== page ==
Acid test: Study reveals both losers and winners of CO2-induced ocean acidification

December 1, 2009
The effect of different CO2 levels on an American lobster.

( -- As the world’s seawater becomes more acidic due to rising atmospheric carbon dioxide, some shelled marine creatures may actually become bigger and stronger, according to a new study.

The finding, based on research by University of North Carolina at Chapel Hill marine scientist Justin Ries, could have important implications for ocean food webs and the multi-billion dollar global market for shellfish and crustaceans.

Previous research has shown that - the term for falling pH levels in the Earth’s oceans as they absorb increasing amounts of carbon dioxide (CO2) from the atmosphere - is likely to slow the growth or even dissolve the shells of such creatures.

However, the new study, published in the December issue of the journal Geology, suggests that sediment-dwelling may exhibit a wider range of responses to CO2-induced acidification than previously thought: some may get weaker while others become stronger.

Researchers also found that creatures whose shells grew the most, such as crabs, tend to on those whose shells weakened the most, such as clams.

Such changes could have serious ramifications for and prey relationships that have evolved over hundreds of millions of years, said Ries, Ph.D., assistant professor of marine sciences in the UNC College of Arts and Sciences.

“There is no magic formula to predict how different species will respond, but one thing you can be sure of is that ecosystems as a whole will change because of these varied individual responses,” Ries said.

The effect of different CO2 levels on a blue crab.

Researchers grew 18 different species of economically and ecologically important marine calcifiers (creatures that make their shells out of calcium carbonate) at various levels of CO2 predicted to occur over the next several centuries. When CO2 combines with water, it produces carbonic acid, raising the overall amount of carbon in seawater but reducing the amount of the carbonate ion used by organisms in their calcification.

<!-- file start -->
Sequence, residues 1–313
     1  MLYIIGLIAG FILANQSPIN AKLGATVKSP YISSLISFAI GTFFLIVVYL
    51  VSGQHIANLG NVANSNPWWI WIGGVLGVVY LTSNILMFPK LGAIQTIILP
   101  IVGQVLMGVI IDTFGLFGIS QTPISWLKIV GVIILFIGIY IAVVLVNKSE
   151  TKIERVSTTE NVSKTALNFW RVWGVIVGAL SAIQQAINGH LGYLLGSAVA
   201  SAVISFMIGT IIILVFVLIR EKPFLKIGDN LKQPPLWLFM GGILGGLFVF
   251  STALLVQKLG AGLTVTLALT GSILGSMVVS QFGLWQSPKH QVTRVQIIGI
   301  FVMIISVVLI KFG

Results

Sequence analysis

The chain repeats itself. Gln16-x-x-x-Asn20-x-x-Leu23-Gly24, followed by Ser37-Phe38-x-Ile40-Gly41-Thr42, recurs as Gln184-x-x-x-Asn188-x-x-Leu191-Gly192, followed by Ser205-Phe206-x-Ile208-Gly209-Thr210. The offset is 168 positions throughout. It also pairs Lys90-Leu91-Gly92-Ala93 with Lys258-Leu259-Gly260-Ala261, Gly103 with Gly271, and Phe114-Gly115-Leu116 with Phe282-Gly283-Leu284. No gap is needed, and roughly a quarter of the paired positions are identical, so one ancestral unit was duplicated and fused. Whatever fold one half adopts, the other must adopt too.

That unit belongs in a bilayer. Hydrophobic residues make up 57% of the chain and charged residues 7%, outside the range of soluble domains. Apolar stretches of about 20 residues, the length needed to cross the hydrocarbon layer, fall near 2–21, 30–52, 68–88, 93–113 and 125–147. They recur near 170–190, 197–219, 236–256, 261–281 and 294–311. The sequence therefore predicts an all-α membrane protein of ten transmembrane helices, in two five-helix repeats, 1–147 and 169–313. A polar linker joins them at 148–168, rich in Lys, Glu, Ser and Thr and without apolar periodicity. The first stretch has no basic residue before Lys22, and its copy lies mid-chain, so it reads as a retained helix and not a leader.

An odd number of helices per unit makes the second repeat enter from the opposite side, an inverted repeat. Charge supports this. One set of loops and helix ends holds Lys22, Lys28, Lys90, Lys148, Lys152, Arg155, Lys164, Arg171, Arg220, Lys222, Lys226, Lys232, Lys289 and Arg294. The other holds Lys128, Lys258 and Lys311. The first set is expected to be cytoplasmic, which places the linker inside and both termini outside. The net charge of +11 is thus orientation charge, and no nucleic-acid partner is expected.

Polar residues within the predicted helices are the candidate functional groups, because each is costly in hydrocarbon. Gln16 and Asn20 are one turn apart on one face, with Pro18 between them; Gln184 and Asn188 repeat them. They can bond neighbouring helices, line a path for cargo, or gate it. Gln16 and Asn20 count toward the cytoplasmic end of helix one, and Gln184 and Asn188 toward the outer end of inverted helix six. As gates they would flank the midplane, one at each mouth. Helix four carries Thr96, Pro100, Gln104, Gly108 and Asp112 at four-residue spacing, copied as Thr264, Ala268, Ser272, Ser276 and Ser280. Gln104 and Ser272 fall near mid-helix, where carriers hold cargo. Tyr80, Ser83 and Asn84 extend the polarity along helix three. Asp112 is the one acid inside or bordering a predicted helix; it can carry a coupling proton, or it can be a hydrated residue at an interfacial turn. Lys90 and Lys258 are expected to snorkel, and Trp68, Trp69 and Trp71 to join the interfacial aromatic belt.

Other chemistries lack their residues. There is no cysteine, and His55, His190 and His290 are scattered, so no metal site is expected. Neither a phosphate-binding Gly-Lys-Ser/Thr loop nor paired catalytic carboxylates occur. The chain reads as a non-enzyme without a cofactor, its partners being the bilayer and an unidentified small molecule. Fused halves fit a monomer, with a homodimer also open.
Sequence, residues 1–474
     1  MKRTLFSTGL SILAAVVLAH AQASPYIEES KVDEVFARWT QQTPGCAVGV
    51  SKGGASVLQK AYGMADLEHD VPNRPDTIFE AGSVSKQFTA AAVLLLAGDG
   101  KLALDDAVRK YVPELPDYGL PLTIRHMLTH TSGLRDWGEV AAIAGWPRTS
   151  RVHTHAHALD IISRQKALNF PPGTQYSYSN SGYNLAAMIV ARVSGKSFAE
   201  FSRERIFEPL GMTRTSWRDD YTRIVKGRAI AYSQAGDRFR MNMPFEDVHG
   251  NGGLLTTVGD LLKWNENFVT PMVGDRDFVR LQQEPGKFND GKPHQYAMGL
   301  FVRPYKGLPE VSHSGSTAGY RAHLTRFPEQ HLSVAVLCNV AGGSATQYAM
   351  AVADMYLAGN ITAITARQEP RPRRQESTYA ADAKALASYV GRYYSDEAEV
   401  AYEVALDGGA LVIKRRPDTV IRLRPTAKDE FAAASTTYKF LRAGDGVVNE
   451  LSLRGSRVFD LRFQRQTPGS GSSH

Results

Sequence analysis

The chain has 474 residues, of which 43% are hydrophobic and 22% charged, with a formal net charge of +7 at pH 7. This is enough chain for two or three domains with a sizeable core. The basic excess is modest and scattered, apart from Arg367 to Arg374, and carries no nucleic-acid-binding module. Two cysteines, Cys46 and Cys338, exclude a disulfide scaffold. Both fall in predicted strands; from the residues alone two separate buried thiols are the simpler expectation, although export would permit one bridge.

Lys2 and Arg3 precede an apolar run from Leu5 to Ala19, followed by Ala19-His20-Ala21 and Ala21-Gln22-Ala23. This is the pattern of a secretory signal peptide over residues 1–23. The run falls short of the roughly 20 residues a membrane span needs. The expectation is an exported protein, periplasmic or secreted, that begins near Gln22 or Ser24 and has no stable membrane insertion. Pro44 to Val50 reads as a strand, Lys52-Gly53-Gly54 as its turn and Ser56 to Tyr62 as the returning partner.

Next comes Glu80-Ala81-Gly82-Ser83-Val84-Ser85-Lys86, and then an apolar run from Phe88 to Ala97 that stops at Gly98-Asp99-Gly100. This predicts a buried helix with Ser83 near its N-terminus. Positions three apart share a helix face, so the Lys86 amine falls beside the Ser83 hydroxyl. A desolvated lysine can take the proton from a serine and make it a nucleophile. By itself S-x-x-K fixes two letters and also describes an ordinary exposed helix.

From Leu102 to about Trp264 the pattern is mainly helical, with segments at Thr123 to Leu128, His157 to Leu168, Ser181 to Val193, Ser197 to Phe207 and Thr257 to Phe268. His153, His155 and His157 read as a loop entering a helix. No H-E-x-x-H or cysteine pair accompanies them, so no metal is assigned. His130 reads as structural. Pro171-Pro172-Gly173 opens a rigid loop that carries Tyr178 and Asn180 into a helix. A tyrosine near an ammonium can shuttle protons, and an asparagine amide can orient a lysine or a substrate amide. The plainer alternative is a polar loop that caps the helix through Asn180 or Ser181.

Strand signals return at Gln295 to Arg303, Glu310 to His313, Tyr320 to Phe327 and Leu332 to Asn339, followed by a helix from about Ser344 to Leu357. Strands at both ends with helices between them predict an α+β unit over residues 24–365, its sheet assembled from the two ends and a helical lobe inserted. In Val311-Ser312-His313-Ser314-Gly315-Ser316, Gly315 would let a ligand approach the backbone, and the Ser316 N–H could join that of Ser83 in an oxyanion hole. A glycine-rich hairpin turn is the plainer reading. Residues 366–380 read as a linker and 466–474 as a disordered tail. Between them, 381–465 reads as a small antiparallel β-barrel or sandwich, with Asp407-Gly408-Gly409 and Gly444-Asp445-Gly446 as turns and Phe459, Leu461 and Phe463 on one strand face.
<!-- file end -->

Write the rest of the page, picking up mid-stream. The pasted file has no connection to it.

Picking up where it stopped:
Seven species (crabs, lobsters, shrimp, red and green calcifying algae, limpets and temperate urchins) showed a positive response, meaning they calcified at a higher rate and increased in mass under elevated CO2. Ten types of organisms (including oysters, scallops, temperate corals and tube worms) had reduced calcification under elevated CO2, with several (hard and soft clams, conchs, periwinkles, whelks and tropical urchins) seeing their shells dissolve. One species (mussels) showed no response.

“Shelled marine organisms need carbonate ions to build their shells that protect them from the intense predation that defines everyday life on the shallow sea floor,” Ries said. “The organisms that responded positively to higher CO2 levels are apparently more adept at converting the elevated dissolved inorganic carbon in the seawater, which results from elevated atmospheric CO2, back into a form that they can use directly in their calcification. The others, however, appear to be less adept at manipulating dissolved inorganic carbon.”

Ries said the varied responses may reflect differences in organisms’ ability to regulate pH levels at their sites of calcification; their ability to generate a protective organic layer that limits their exposure to surrounding ; whether they use more soluble forms of in their shells; and their ability to utilize CO2 directly via photosynthesis.

The effect of different CO2 levels on a sea urchin.

Provided by University of North Carolina at Chapel Hill

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Display comments: newest first